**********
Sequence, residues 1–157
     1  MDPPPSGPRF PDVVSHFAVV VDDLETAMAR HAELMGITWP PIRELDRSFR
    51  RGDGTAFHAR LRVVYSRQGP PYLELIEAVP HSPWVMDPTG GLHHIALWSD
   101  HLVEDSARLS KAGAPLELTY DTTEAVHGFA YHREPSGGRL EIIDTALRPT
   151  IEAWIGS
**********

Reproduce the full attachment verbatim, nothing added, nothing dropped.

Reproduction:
Sequence, residues 1–157
     1  MDPPPSGPRF PDVVSHFAVV VDDLETAMAR HAELMGITWP PIRELDRSFR
    51  RGDGTAFHAR LRVVYSRQGP PYLELIEAVP HSPWVMDPTG GLHHIALWSD
   101  HLVEDSARLS KAGAPLELTY DTTEAVHGFA YHREPSGGRL EIIDTALRPT
   151  IEAWIGS